Bitcoin mining is the backbone of the cryptocurrency ecosystem and is also a billion-dollar industry that has expanded alongside the growing trend of digital currencies. Mining for bitcoin can be a pretty profitable endeavor on a large scale, and as such, many major mining companies and pools have sprung up over the years.
Minting new BTC is a heavy computational process that gets heavier with the increase in load on the network. In order to provide the required amount of processing power, special types of pieces of equipment called ASICs, are used. This equipment consumes a lot of electricity, and hence the entire process is a power-hungry one. This is the reason why Bitcoin mining is often criticized for its high energy use and potentially harmful impact on the environment.
New findings claim Bitcoin Mining is wasting electricity
In a detailed assessment, Alex De Vries, a blockchain expert at accounting firm PriceWaterhouseCoopers and founder of Digiconomist, has pointed out that bitcoin mining has touched new heights in terms of power consumption. De Vries’ calculations are derived from Digiconomist’s Bitcoin Electricity Consumption Index (BECI), and the latest figure is clocked at 77.78 Terawatt hours per year.
To make this simpler, De Vries states that a single Bitcoin transaction expends the same quantity of electricity needed to power a British household for 22 days, 780,650 Visa transactions, or 52,043 hours of video streaming on YouTube.
Furthermore, the BECI claims that BTC mining results in e-waste generation which is roughly close to that of Luxembourg and a carbon footprint that can be compared with the entire carbon footprint of New Zealand.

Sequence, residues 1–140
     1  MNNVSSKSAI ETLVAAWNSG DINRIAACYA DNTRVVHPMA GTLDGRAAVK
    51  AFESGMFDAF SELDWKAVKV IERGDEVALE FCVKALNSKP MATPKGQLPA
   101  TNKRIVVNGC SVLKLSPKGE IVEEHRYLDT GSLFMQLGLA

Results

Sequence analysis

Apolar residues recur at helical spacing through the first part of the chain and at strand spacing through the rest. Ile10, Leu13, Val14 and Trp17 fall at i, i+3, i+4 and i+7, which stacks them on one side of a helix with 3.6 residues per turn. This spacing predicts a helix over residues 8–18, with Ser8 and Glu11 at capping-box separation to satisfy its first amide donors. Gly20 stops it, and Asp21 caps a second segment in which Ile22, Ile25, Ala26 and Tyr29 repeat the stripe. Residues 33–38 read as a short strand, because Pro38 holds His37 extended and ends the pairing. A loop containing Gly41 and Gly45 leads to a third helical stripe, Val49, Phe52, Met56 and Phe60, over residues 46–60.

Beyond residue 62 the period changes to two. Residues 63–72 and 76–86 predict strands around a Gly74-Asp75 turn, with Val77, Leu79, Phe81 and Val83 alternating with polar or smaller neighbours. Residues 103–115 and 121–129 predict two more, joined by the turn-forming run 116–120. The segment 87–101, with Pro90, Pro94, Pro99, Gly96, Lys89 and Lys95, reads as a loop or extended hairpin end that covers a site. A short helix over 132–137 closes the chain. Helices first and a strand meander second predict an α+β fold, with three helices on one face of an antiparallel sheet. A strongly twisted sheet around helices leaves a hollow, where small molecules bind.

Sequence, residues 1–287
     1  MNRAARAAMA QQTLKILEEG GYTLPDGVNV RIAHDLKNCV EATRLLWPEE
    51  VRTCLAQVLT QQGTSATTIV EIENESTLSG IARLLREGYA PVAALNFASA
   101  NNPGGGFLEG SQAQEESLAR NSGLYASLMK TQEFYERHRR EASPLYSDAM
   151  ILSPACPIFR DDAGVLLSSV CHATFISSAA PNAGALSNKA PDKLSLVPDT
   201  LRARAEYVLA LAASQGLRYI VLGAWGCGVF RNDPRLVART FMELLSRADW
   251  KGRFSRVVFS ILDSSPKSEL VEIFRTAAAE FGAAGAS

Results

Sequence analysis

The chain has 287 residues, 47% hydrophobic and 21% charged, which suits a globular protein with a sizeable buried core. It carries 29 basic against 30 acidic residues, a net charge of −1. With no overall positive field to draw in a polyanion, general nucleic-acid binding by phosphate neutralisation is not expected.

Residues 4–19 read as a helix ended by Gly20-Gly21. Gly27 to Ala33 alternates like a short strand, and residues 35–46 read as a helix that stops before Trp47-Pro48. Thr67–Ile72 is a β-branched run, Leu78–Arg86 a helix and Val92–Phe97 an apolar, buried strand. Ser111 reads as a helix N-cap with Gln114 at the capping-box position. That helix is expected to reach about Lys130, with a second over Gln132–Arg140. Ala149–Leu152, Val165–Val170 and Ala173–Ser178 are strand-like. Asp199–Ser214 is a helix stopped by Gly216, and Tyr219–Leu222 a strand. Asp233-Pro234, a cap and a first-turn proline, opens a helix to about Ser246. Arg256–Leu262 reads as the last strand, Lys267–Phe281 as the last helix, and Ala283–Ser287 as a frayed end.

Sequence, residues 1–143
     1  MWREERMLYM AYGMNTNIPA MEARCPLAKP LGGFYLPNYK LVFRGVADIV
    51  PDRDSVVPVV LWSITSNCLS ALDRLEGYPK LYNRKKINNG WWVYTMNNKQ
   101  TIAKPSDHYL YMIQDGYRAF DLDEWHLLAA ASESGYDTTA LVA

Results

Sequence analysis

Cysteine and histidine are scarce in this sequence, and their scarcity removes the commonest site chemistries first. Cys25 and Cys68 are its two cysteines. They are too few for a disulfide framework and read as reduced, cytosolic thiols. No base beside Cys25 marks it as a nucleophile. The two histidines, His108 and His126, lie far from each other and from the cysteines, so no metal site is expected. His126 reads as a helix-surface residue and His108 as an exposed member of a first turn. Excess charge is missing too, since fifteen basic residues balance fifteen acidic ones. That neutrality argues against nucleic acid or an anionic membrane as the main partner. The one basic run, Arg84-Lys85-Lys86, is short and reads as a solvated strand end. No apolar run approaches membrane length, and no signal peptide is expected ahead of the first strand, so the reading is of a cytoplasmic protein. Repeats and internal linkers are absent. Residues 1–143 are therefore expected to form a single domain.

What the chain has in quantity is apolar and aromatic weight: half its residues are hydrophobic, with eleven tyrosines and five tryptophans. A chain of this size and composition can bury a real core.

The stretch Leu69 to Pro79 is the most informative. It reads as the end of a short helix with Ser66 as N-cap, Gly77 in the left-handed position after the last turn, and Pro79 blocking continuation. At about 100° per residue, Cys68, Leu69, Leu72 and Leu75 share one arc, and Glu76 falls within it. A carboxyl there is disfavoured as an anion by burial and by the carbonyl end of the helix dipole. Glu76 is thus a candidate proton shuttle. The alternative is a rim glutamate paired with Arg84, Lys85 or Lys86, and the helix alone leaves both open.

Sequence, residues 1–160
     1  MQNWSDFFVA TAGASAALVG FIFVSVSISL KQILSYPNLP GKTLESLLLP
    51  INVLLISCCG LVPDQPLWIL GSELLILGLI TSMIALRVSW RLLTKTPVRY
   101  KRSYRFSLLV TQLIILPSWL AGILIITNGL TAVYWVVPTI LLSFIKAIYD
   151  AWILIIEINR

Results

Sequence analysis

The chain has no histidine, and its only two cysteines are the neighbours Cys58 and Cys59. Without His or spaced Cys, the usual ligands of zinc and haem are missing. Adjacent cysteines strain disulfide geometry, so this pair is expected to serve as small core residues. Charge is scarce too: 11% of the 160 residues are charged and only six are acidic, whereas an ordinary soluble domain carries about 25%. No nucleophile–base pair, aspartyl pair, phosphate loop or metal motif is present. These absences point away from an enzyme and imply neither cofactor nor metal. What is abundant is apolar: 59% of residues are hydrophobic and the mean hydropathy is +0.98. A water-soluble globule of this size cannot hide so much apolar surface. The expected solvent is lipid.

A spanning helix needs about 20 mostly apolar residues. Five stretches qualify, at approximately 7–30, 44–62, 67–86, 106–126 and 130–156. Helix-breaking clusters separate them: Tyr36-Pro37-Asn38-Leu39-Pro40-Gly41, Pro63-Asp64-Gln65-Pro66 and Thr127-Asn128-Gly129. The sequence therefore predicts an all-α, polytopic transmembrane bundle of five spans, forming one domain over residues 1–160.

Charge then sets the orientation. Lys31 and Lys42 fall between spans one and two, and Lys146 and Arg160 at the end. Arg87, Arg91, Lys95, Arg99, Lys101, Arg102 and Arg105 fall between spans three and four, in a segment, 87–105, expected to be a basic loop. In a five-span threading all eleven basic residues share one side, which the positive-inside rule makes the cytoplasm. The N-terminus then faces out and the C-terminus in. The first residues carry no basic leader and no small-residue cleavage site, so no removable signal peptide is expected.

To make matters worse, De Vries asserts that only 2% of devices used are able to actually verify the transactions on the blockchain. According to him, 98% of these costly pieces of equipment are “just participating in a massive lottery and every 10 minutes one gets lucky and gets to produce the next block.” He further explained in details:
“The shocking thing is the average lifetime of a bitcoin mining machine is one and a half years because we have a new generation of machines which are better at doing these calculations. That means it’s impossible for 98 percent of the devices during their lifetime to make the calculation that actually results in a reward. So the rest is just running pointlessly for a few years, using up energy, and producing heat, and then they will just get trashed because they can’t be repurposed. It’s insane.”
Miners rely on excess and green energy
However, De Vries’s findings are contradicted by a report from the investment company Coinshares. The firm’s December 2019 report states that 73% of the electricity used to power the Bitcoin network comes from renewable sources, two-thirds of which is located in China. Christopher Bendiksen, head of research at CoinShares stated:
“Our current approximate percentage of renewable power generation in the Bitcoin mining energy mix stands at 74.1%, more than four times more renewable usage than the global average energy mix.”
The report from De Vries also fails to consider the fact that in many cases, the energy used to power mining farms comes from a surplus of energy that would otherwise be wasted since it’s not possible to store all the energy produced. On this matter, Andreas Antonopolous, cryptocurrency author and advocate has argued that cryptocurrency mining actually takes advantage of excess renewable energy and prevents loss. He said:
“What happens when you build a 50-megawatt plant in a place where they only have 15 megawatts of demand? In some cases, if it’s alternative energy, like wind, solar, or hydro, you can’t turn it off or turn it down. You’ve built it, and it will produce, and then what? You’re basically wasting energy. Now, what if, in that environment, you can find a way to turn that energy into an alternative store of value […] by using electricity that would be otherwise wasted. Now, Bitcoin is an environmental subsidy to alternative energy all around the world.”